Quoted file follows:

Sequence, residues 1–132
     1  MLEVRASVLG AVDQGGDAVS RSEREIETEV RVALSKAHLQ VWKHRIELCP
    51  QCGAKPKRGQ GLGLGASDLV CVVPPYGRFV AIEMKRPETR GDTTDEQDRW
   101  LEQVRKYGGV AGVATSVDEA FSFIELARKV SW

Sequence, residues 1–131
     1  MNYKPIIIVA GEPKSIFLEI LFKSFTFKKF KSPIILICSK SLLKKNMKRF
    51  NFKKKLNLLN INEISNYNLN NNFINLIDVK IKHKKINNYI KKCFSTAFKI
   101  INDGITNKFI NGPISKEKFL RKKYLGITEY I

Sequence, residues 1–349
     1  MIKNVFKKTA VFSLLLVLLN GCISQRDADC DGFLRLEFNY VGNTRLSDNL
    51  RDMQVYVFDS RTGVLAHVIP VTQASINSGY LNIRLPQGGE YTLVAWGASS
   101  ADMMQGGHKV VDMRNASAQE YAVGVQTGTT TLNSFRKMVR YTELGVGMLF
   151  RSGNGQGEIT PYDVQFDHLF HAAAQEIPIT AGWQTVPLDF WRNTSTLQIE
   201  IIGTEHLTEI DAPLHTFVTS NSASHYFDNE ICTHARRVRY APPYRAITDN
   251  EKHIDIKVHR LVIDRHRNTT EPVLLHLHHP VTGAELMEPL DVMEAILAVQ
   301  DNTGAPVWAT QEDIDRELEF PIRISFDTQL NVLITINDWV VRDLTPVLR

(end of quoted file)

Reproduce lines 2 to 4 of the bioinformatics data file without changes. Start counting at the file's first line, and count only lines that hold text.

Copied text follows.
     1  MLEVRASVLG AVDQGGDAVS RSEREIETEV RVALSKAHLQ VWKHRIELCP
    51  QCGAKPKRGQ GLGLGASDLV CVVPPYGRFV AIEMKRPETR GDTTDEQDRW
   101  LEQVRKYGGV AGVATSVDEA FSFIELARKV SW